Dogs, Too, Shed Tears of Joy

Scientists have long believed that humans are the only animals that shed tears of emotions. Humans shed tears when they are sad or grieved. They also shed tears of joy. Until now, no other animal was known to express emotional tears.

Tear Volume Experiments
Eight researchers in Japan led by Kaori Murata conducted a set of experiments on 18 dogs in which they measured the tear volume in the dogs’ eyes under a range of emotional interactions between the dogs and humans the dogs knew.1 They performed the Schirmer tear test (STT), which measures the volume of teardrops with absorbent paper that’s placed against the dog’s eyeball. After 1 minute the researchers recorded how far up the paper the wetness from the tears had crept.

Among the 18 dogs, Murata’s team found a 10% average increase in tear volume when the dogs, after being separated from their owners for 24 hours, were reunited with them. When Murata and her colleagues performed the same test between the dogs and nonowners that the dogs were familiar with, they did not measure a statistically significant increase in tear volume.

In a separate experiment with 22 dogs, the researchers added the hormone oxytocin directly to the dogs’ eyes. Oxytocin, also known as the love hormone, stimulates the emotions of trust, empathy, and relationship bonding. The addition of oxytocin to the eyes caused even more tears to well up in the dogs’ eyes when they were reunited with their owners. The researchers concluded that an elevation in oxytocin generated by the happy reunion likely caused the extra tears.

Murata’s team anticipated that some scientists might presume the dogs’ eyes reacted to the added oxytocin as an irritant, which generated extra tears to flush it out from the eyes. Hence, in a control experiment, Murata and her colleagues added a substance of similar texture as oxytocin to the dogs’ eyes. In this case, they observed no extra tear production.

In a third set of experiments, 74 humans rated their impressions of 10 photographs of dogs. The human subjects consistently felt greater care and love for the dogs with the moister eyes.

Personal Observations
When I read the research paper, I questioned the claim that dogs only shed tears of joy when they’re reunited with their owners. The researchers stated that they saw no such response when the dogs were greeted by another human that they knew. I reacted because a friend’s dog wells up with tears almost every time I greet the dog.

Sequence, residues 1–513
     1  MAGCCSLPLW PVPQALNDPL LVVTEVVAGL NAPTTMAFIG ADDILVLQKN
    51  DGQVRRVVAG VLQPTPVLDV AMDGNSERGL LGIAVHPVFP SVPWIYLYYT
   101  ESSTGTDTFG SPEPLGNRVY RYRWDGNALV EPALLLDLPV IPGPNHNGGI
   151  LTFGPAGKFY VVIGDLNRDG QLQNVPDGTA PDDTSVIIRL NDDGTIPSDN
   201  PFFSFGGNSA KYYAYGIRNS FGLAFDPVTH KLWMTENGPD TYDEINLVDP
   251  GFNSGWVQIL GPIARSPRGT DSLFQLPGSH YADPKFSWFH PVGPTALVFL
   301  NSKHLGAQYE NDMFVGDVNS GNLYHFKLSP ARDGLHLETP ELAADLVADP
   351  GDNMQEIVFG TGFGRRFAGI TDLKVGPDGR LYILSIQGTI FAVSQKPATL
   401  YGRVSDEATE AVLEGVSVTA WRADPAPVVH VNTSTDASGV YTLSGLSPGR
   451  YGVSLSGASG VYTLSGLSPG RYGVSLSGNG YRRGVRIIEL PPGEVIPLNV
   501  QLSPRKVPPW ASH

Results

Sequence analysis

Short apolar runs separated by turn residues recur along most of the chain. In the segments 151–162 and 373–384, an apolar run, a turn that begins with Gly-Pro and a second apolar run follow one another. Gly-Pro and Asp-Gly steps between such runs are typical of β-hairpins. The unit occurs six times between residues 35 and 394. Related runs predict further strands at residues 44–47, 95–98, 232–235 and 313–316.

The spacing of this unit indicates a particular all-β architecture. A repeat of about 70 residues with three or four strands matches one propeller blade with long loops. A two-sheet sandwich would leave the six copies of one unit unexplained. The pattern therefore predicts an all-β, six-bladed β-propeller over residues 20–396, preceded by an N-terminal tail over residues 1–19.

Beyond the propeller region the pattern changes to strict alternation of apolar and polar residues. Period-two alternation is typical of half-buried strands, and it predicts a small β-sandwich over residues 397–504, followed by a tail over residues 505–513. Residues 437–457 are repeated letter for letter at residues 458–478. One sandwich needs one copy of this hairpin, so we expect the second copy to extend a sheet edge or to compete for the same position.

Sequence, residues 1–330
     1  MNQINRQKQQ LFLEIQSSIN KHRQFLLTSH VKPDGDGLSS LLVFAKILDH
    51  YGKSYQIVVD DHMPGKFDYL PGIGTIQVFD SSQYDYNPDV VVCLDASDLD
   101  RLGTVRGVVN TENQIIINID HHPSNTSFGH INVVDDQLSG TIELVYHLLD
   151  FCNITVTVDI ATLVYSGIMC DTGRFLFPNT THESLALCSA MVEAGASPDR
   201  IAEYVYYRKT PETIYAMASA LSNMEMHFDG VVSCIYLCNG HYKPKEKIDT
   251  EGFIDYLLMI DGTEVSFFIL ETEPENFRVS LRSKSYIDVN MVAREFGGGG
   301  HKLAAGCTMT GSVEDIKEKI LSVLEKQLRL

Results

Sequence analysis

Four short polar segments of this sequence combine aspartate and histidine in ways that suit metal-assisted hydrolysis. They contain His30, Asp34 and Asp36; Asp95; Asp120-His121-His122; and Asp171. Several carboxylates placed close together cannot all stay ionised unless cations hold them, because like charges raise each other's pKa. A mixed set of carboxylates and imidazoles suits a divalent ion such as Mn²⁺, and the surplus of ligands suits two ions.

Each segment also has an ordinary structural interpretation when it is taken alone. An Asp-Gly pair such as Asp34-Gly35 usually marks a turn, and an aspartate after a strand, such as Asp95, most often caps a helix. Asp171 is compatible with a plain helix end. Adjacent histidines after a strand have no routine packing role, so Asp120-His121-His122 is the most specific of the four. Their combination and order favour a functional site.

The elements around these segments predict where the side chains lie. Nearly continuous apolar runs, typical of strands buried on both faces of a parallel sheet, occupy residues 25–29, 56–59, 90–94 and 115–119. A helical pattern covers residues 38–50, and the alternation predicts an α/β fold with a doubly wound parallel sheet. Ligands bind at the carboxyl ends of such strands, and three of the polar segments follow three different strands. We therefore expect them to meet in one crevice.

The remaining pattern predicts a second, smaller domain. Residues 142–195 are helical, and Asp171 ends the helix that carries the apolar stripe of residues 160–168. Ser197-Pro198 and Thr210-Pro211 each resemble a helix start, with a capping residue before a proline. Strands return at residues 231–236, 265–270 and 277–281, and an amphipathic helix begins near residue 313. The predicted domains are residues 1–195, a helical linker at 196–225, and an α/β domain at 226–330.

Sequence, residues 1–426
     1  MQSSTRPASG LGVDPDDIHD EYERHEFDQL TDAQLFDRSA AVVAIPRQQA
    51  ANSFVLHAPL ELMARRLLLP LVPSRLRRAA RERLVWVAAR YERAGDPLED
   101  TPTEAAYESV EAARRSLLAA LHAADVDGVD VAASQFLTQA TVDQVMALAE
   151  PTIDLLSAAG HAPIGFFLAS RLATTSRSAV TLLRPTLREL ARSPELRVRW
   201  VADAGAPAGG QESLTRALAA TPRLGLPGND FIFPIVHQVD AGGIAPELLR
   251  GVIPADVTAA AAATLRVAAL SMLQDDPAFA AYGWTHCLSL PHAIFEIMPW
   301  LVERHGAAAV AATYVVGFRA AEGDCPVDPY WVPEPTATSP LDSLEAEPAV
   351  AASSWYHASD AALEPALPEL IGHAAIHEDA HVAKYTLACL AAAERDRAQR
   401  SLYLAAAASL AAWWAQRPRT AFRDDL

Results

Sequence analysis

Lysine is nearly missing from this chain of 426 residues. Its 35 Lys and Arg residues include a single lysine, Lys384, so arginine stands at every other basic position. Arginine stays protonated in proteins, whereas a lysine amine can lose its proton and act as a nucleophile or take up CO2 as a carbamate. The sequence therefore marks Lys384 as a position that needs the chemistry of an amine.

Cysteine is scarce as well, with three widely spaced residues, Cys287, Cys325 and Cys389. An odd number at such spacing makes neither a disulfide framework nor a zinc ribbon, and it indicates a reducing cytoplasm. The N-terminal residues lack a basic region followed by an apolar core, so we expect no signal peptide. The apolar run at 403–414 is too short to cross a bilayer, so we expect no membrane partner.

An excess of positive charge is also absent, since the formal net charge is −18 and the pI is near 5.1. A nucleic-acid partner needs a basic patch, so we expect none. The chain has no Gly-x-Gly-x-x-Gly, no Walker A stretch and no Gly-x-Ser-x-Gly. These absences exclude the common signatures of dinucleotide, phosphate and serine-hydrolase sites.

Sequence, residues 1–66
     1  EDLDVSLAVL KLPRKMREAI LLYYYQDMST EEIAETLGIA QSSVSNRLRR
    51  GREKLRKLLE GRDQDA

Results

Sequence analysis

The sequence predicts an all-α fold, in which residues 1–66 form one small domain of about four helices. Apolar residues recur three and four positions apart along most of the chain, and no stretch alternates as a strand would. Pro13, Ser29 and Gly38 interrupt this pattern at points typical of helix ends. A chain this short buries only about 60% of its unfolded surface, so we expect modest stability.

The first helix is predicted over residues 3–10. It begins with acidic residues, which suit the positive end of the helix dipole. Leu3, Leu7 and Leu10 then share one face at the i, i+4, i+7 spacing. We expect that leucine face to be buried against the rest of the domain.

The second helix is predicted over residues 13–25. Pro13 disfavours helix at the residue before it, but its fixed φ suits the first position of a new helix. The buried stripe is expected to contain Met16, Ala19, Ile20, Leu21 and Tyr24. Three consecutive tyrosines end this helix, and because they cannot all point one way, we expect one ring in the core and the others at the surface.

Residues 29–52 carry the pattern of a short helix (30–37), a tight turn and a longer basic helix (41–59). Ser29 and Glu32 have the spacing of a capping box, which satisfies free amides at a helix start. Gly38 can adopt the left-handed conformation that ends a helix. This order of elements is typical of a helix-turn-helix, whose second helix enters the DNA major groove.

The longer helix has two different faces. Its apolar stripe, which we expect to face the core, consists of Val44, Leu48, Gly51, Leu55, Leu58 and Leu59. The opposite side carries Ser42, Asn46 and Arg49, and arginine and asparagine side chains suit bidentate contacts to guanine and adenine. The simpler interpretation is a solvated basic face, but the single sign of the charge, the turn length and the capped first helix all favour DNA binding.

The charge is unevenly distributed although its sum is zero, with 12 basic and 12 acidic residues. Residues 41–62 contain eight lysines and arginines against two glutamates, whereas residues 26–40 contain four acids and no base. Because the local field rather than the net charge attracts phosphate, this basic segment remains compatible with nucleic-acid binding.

I think the sample sizes of dogs and humans in Murata’s team’s experiments were too small. I believe there are dogs that have just as strong, or nearly as strong, an emotional bond to a human friend of the owner as they do their owner. In the case of my friend’s dog, my friend says that I am their dog’s best friend. I get their dog’s most exuberant greeting.

Philosophical and Theological Conclusions
In my book Hidden Treasures in the Book of Job,2 I describe and explain the biblical doctrines that God created and designed the nephesh (soulish) animals to serve and please humans and to form relationships with humans. Dogs, more than any other nephesh animal, exhibit these characteristics. The research achieved by Murata’s team adds to the weight of scientific evidence for these biblical doctrines. Their research also suggests that additional experiments can be performed on human-dog interactions that could provide yet even more scientific evidence for the nephesh animal-human connection.

As I explain in my book, God designed the nephesh animals not only to help meet humans’ physical and emotional needs but also to teach humans several important spiritual lessons about themselves and about God. One such lesson affirmed by the experiments is that just as dogs express joy when they are reunited in relationship with a higher being, so, too, do humans when they are reunited in relationship with the higher Being. I think I speak for many Christians that when I sense I’m being reunited with my Creator-Savior-God to an extraordinary degree, I express tears of joy.


  1. Kaori Murata et al., “Increase of Tear Volume in Dogs after Reunion with Owners Is Mediated by Oxytocin,” Current Biology 32, no. 16 (August 26, 2022): PR869–R870, doi:10.1016/j.cub.2022.07.031.
  2. Hugh Ross, Hidden Treasures in the Book of Job: How the Oldest Book in the Bible Answers Today’s Scientific Questions (Grand Rapids, MI: Baker Books, 2011).